This is the freshest cheese that you can get. It is creamy and semi-sweet to taste. Cottage cheese is very similar to cream cheese, but it has a lower fat content. And this makes it a powerful and healthy substitute. Try this fresh cheese from the farm with some tortillas, and you will totally love it.
Also known as Pecorino Romano, this cheese is named after Rome. It has a near profile to Parmesan. It has a powerful salty punch and is perfect for casserole, soup or sauce recipes that go well with cotija.
This is an entirely different substitute for cotija. It has a sweet and salty taste with a mild scent. It is a cheddar type of cheese and is not very granular. Its special traits spice up any dish that you pair it with. If you are ever thinking of using canned nacho cheese, try using some Red Fox cheese. You won’t be disappointed. It can be easily shredded, which makes it an ideal topping for tacos and nachos. So, whenever you don’t have cotija cheese, Red Fox is a great substitute.
The tangy and salty flavor of feta with a salty aroma is the finest choice that you can make for pizza, salad, and others. It can also be used in crumbled vegetables or as a stuffing ingredient with peppers and other spices. It has its roots in Greece and has a creamy texture that is difficult to find. However, feta cheese differs in its flavor. So choosing the right feta will have a certain impact on your food.
This is another Mexican cheese that is of Hispanic type. It is also commonly known as queso añejo and mostly made from goat’s milk. But nowadays it is produced with cow’s milk too. Anejo is a common substitute for cotija cheese. And this is a must have for tacos, enchiladas, burritos or baked dishes.
This is an Italian cheese made from the milk of either goat or sheep. But other variants are also made with cow’s milk. Ricotta is more appealing for its visual appearance. It is a commonly used cheese for topping corn, in tacos and tostadas, as a cotija substitute. But for its milder flavor, it is not used in dishes like soups, casseroles, and sauces.
Technique of Making Cotija Cheese at Home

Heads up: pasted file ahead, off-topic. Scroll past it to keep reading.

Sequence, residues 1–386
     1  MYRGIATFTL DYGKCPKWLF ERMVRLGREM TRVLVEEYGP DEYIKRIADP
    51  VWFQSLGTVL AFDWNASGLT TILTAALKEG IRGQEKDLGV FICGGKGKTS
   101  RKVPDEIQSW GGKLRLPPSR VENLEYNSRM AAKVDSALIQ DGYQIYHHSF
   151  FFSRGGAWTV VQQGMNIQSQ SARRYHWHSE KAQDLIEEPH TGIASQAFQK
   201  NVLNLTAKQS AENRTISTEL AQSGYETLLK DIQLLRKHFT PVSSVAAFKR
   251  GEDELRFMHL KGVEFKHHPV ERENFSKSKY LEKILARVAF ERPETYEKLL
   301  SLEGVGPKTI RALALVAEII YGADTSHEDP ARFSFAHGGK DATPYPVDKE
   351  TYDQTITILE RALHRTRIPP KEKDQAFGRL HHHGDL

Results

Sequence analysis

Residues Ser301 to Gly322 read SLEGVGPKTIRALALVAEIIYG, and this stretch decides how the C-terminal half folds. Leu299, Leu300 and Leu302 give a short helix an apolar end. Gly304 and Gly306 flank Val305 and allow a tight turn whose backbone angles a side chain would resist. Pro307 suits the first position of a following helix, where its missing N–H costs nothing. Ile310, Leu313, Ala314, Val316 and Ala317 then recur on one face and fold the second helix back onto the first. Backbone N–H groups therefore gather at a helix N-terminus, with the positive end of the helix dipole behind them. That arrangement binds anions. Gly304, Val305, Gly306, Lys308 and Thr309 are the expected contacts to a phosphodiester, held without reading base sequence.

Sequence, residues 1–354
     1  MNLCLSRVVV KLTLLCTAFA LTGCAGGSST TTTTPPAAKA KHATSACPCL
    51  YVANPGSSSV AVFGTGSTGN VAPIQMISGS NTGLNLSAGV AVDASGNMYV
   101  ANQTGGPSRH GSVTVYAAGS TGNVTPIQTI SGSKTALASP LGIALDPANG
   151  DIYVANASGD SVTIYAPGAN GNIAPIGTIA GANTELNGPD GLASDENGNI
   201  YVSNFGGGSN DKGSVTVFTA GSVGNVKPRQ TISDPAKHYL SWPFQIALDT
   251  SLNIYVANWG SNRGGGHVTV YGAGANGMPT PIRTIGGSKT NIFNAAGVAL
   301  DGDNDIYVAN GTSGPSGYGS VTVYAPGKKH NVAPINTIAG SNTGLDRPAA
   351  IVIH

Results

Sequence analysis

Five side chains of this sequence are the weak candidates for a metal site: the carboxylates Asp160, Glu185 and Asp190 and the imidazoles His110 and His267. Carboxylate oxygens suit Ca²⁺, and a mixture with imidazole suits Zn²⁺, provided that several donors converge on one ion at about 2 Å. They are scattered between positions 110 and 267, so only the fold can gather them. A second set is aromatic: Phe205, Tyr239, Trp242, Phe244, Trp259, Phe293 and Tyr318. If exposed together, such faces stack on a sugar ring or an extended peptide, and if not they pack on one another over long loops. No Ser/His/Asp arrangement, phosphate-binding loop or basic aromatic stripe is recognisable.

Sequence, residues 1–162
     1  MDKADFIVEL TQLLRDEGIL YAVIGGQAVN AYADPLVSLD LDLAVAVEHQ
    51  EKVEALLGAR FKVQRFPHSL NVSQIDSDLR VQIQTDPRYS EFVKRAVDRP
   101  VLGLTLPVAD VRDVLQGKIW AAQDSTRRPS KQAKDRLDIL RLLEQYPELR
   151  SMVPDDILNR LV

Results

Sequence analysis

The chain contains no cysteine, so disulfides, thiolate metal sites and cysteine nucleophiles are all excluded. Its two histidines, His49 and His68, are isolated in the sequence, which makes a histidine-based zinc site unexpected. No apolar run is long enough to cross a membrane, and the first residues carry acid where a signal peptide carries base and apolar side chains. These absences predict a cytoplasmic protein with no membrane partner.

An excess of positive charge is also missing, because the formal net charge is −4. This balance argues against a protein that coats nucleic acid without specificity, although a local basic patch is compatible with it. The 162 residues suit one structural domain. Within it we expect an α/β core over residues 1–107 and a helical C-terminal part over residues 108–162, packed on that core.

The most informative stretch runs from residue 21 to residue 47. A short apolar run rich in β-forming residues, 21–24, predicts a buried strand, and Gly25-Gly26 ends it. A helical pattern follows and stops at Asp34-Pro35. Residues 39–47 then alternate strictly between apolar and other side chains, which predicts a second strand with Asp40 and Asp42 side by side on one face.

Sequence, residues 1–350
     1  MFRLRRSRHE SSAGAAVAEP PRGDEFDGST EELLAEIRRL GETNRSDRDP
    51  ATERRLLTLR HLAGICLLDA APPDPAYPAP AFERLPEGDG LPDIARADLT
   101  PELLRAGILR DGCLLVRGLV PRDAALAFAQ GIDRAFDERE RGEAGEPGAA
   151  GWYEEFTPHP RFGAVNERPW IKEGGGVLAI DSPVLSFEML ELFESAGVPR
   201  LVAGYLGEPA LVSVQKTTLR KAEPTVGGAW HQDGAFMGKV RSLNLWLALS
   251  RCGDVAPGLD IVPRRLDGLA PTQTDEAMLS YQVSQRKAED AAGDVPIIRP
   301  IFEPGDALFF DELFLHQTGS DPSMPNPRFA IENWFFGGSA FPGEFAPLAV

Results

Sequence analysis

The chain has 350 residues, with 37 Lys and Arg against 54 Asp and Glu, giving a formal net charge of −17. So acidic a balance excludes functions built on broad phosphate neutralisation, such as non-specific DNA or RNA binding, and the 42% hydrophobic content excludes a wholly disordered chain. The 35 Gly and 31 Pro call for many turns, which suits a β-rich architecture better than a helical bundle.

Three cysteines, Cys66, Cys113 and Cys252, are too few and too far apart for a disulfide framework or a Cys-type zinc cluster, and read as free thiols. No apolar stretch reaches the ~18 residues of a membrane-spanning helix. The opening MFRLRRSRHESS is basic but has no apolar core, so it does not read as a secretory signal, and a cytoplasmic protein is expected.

If cotija cheese is unavailable and you are not willing to use any alternative to cotija cheese, we have got you covered. Here is the fundamental recipe for preparing the cheese.
For Making Cheese:
- Raw or unhomogenized milk (8 cups)
- Calcium chloride (10 drops)
- Mesophilic starter culture (4 grains)
- Liquid rennet (1 ml) (This is to be diluted in 30ml non-chlorinated water)
- Cheese salt (2 tbsp)
For Making Brine:
- Boiled water (2 cups)
- Salt (2 tbsp)
- Citric acid (¼ tsp)
- Calcium chloride (10-12 drops)
- Set the lowest temperature for your oven and place a saucepan.
- Add milk and calcium chloride to it and stir it continuously until the milk reaches around 38°C. The heat should be low-medium.
- Remove the saucepan from the oven and add the starter culture. Allow it to rest for a minute or two and then stir for about half a minute.
- Cover the saucepan with a lid and then add to the oven for 20 minutes.
- Again remove the saucepan from heat and add in the cheese salt.
- Add in the diluted rennet, cover the saucepan and return it to the oven for an hour with the lowest temperature setting.
- After that, you will get curd as a result.
- Try to cut the curd into small cubes. If it is too soft, allow it to rest for another 15 minutes.
- Once you are done with cutting, allow the curd to sit for some more time.
Pressing The Curd
- Scoop out the curd slowly into a strainer or porous vessel lined with cheesecloth. Using a slotted spoon can make this job easier.
- Put the curd into a cheese press lined with cheesecloth. Keep the curd covered with the cloth and press for about half an hour.
- Move the cheese to the other side and press it for more than 12 hours.
- Mix in all the water, citric acid, salt, and calcium chloride to prepare the brine solution.
- Put the cheese in the brine for about 30 hours. Then take out the cheese and place it in a container that has draining facilities.
- Allow the cheese to freeze for the next 14 days. Remember to flip the cheese every alternative day. And if any signs of mold show up, then rub it with salt.
Cotija cheese is greatly loved. It is a must while preparing a Mexican dish. But if you don’t have it, don’t worry, you don’t have to change your plans. However, a cotija cheese substitute is very easy to get these days. So it won’t be an issue if you are unable to get it. Don’t forget to leave your precious comment on cotija cheese replacement.